This electric piano was made by the Fender Rhodes Company in Fullerton, California around 1971-1973.
This piano is serial number 24761, and has a compass of 6ix octaves, Rhodes action, with hammers facing the keyboard, metal bars with resonator bars and coils to turn vibrations into electrical charges, rubber pads on plastic shank hammers, 2 hand stops: tone regulator and volume regulator, wood frame, an imitation leather-covered wood case, and a folding metal base.
Oddlings – Yet another printing error has surfaced, this time from the FEI (pre-CBS) days.
Although Harold Rhodes died in 2000, the instrument has since been reissued, and his teaching methods are still in use.
The touch and action of the keyboard is designed to be as close to a piano as possible.
Thanks in advance Mark IIpossibly going to get a 73 stage fender rhodes mark1seller has told me the the 4-digit number on the top right is1174and a serial No.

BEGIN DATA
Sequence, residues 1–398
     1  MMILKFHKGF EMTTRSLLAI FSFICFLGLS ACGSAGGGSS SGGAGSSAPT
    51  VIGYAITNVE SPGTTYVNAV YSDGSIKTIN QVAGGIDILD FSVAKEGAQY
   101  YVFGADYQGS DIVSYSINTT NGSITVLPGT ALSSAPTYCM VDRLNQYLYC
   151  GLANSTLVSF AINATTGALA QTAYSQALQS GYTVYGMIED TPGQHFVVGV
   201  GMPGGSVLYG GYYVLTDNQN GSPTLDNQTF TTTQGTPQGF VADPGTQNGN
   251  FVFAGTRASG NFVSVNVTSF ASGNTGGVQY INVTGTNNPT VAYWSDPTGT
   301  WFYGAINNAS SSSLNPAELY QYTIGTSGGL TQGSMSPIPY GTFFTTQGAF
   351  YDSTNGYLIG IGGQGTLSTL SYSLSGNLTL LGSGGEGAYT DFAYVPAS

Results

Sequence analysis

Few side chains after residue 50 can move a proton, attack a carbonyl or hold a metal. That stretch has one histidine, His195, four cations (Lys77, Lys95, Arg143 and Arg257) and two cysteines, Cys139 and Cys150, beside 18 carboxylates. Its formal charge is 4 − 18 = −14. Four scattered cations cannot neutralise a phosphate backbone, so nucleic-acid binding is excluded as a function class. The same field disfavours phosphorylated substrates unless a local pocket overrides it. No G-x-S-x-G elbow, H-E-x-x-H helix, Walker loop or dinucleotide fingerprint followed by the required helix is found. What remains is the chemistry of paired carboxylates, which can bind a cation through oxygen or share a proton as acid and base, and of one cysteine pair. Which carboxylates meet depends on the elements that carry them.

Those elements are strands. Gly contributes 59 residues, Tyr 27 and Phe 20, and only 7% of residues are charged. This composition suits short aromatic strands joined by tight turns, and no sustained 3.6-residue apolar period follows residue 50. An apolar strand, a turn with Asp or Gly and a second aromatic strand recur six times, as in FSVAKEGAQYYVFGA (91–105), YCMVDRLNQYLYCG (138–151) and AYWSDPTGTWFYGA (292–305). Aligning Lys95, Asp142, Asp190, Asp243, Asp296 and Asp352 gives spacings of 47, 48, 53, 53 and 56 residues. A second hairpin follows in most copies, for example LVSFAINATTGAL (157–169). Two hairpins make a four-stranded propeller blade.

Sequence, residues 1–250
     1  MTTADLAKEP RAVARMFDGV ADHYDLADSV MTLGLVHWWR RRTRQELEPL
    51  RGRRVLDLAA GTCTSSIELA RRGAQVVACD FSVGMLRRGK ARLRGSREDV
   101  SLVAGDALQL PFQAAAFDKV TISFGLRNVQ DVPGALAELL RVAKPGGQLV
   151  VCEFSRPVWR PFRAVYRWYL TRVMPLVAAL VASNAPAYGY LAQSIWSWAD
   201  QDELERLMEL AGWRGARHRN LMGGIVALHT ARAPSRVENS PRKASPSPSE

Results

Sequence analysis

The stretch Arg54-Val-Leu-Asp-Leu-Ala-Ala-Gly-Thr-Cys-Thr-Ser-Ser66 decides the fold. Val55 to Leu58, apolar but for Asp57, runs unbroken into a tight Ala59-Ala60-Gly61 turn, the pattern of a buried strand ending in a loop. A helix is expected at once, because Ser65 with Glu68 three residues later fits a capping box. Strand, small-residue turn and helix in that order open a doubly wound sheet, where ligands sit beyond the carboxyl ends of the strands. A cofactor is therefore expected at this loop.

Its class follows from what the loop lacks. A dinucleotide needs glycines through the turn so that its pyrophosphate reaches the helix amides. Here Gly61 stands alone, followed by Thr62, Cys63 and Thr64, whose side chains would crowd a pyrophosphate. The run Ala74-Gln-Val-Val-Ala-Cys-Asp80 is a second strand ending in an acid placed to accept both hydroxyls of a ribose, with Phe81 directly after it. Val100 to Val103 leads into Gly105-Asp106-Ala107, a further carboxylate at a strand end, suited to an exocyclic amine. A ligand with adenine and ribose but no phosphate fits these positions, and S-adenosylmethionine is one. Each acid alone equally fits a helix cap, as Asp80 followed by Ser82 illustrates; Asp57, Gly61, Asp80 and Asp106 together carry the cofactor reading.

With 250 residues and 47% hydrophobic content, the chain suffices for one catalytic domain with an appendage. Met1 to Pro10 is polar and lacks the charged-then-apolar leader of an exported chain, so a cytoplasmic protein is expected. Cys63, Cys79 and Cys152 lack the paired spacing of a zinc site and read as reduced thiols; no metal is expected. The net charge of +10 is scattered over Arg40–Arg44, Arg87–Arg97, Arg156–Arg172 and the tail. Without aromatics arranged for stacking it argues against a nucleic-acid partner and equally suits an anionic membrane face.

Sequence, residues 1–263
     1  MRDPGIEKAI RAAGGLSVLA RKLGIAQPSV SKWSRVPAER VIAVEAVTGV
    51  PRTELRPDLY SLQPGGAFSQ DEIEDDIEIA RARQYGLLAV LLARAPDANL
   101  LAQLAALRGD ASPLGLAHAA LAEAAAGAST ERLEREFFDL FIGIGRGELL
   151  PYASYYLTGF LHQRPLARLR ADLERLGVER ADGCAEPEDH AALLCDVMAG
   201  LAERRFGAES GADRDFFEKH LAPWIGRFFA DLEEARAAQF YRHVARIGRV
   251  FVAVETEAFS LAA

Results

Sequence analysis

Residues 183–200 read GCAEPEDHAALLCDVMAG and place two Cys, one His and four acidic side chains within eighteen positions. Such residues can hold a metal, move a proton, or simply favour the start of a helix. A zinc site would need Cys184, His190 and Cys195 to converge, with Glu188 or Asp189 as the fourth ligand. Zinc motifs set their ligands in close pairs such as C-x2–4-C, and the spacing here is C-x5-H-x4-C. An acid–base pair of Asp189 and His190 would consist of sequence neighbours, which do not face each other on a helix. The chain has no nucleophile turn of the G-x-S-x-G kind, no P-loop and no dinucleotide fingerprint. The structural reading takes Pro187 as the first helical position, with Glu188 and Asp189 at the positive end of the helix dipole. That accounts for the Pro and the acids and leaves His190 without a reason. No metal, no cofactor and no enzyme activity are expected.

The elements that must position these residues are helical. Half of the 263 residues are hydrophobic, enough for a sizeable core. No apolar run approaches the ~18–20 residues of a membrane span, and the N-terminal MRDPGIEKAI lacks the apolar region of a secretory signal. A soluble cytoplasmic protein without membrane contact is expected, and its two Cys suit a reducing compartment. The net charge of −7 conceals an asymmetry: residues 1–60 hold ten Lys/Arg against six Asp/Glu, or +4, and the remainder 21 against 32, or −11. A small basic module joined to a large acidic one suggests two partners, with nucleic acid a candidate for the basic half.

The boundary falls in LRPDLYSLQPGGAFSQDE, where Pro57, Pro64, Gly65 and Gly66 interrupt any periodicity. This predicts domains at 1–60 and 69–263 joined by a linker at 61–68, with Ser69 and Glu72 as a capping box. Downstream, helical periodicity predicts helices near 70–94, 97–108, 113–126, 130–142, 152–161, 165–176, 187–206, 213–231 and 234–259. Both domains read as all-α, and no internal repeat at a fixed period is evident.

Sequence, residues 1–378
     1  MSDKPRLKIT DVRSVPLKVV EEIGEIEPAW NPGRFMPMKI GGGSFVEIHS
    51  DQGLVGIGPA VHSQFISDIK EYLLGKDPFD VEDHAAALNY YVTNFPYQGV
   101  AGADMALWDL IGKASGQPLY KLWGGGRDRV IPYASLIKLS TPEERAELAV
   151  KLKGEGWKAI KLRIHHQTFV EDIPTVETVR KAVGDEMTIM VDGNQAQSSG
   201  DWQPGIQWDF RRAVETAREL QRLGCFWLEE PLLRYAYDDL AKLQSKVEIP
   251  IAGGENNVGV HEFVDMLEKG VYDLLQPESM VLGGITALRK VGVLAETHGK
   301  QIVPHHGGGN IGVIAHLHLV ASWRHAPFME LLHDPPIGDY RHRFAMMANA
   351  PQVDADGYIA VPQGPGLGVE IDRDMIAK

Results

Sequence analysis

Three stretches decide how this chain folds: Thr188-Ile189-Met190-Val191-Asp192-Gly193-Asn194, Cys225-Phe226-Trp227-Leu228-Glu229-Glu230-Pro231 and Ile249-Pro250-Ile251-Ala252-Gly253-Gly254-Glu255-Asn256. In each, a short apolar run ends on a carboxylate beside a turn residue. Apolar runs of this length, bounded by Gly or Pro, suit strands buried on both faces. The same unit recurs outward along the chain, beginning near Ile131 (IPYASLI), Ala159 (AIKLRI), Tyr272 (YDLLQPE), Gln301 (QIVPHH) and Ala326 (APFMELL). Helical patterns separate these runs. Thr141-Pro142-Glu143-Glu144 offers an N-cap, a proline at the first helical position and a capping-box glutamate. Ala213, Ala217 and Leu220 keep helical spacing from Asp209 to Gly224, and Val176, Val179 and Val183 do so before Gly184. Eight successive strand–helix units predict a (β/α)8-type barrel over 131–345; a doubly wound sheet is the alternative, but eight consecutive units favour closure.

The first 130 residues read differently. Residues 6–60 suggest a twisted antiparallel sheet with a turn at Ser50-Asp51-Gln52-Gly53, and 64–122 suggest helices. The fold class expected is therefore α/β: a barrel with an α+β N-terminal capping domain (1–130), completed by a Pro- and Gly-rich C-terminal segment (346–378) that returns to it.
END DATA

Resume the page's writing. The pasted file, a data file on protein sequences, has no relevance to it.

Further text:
the rhodes sticker on the harp is a five-digit number - 54056 i think. Besides, no article in the Dating Fender Amps by Serial Number series would be complete without some interesting information, n’est ce pas? I promise the tables will still be there after you finish reading.Even though some of the design and production changes improved upon the previous era, many of the changes were simply cost-cutting measures that negatively impacted the Rhodes’ action and tone.Note: All opinions of the models are based on evaluating the Rhodes after it is professionally setup by our workshop in its ideal state.Clearly Fender wasn’t afraid to use incorrect parts when they were in a bind. The 5G12 Concert is the earliest version from very late 1959 and early 1960 so the existence of a tweed example, while extremely rare, is certainly plausible since Fender was making lots of tweed amps during the same time period.